Although they originate from the life sciences, the principles can be – and have been - applied within other research disciplines, including the humanities and the social sciences. Since their publication, the European Union as well as individual funders and universities have declared their support for and approval of the FAIR principles. This spans from the creation of data management tools and infrastructures to defining policies for data handling. Some implementations stick closely to the original definitions, while others are inspired by the spirit of the FAIR principles.
A fundamental prerequisite for understanding FAIR is to know that both humans and machines are intended as digesters of data. This will lead to an ecosystem that is fast to respond to change and automatically adapts to new findings or changes. That is the reason for focusing on standards for the data, identification mechanisms, availability of data etc. Secondly, the FAIR principles apply to both data and its metadata – i.e. records about data sets. That is why the term “(meta)data” is stated in the principles. Thirdly, the principles are not only about open data. You can work in a FAIR manner with data that is not intended for public availability.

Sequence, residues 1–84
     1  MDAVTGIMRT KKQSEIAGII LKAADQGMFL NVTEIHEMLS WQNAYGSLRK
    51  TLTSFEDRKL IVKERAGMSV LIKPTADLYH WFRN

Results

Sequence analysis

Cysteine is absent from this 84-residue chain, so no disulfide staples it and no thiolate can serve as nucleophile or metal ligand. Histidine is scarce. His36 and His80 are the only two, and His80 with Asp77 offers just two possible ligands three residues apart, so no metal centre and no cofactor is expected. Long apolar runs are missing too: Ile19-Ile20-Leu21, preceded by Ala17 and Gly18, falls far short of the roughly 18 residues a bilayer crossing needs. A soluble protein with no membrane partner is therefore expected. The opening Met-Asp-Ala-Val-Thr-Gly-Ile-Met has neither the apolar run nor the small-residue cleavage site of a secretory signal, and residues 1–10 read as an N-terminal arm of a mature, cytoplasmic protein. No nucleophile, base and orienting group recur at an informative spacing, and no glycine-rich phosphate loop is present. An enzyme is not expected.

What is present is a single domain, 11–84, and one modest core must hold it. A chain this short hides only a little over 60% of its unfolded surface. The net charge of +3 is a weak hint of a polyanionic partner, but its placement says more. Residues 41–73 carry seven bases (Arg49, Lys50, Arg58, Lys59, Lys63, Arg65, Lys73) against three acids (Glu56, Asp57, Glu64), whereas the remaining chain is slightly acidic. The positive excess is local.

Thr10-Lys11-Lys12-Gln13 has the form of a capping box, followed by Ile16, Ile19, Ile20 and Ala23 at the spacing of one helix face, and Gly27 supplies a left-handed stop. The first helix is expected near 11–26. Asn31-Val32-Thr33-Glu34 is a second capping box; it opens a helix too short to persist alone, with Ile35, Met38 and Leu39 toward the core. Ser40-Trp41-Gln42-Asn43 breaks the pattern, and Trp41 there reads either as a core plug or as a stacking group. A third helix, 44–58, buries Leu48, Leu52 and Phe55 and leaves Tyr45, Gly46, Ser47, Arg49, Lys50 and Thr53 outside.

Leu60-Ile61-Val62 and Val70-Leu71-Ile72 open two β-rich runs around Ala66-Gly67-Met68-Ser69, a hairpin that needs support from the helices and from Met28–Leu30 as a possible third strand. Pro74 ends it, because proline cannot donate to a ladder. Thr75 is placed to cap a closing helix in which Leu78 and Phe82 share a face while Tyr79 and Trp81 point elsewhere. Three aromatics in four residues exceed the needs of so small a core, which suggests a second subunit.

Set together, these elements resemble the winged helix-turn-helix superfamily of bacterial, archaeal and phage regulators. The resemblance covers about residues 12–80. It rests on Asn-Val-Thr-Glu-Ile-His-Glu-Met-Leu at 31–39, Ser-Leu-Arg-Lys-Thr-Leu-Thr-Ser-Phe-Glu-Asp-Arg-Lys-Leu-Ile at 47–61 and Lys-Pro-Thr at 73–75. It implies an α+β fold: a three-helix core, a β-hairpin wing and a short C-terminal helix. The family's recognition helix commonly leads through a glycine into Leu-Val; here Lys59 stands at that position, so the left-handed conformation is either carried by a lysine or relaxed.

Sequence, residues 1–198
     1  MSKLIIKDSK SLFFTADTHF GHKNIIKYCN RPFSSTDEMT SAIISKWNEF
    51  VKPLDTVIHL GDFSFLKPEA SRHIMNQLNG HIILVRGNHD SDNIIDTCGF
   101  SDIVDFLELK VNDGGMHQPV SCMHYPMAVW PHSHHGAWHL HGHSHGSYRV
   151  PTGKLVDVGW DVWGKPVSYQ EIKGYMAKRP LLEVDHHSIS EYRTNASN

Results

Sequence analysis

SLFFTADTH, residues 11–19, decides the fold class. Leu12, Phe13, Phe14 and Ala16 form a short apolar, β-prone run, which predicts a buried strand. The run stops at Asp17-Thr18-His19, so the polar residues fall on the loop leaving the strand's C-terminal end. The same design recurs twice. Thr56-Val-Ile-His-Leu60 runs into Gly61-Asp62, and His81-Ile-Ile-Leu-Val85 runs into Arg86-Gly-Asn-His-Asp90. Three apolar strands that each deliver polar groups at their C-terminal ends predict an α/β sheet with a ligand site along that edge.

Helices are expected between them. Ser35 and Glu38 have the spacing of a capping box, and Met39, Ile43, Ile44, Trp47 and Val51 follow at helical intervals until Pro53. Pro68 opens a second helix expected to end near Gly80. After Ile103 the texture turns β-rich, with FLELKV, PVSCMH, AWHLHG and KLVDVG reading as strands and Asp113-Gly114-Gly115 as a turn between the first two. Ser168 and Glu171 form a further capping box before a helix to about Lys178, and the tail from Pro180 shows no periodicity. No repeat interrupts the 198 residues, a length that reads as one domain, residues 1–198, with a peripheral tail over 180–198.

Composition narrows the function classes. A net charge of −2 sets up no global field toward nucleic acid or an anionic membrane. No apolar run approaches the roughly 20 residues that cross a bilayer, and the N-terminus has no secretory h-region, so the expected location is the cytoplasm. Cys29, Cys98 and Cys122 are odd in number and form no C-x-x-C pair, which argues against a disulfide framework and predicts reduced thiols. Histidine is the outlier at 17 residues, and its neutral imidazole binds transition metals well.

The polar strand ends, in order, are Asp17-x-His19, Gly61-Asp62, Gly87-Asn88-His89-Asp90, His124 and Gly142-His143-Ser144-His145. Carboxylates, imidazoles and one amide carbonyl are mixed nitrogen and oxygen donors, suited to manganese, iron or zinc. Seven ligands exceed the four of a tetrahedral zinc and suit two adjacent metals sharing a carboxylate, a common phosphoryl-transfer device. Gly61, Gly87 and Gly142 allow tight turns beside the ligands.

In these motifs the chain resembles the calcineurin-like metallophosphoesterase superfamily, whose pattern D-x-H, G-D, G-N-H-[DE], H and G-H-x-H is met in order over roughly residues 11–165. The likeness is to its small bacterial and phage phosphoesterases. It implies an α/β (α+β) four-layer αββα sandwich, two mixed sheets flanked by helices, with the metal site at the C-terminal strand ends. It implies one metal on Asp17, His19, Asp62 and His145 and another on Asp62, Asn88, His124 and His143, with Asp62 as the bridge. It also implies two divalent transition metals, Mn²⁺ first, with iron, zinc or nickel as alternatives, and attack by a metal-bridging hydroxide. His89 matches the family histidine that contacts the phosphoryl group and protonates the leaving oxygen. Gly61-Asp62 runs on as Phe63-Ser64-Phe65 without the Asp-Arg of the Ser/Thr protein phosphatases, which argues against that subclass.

The FAIR principles do not represent a quality standard that you can use to evaluate tools, data, policies etc. This would soon make the principles out-of-date and inapplicable across research disciplines. The implementation of FAIR can be a gradual and systematic adaptation of new work routines or a huge leap where you replace one type of infrastructure with another. The implementation of the principles should be adapted to each research area, meaning that each community will make the principles work in their respective contexts.
Go to the webpage for A FAIRy tale for more information about the FAIR principles.
Based on 'A FAIRy tale' CC-BY-SA 4.0 ‘DK Fair på tværs’.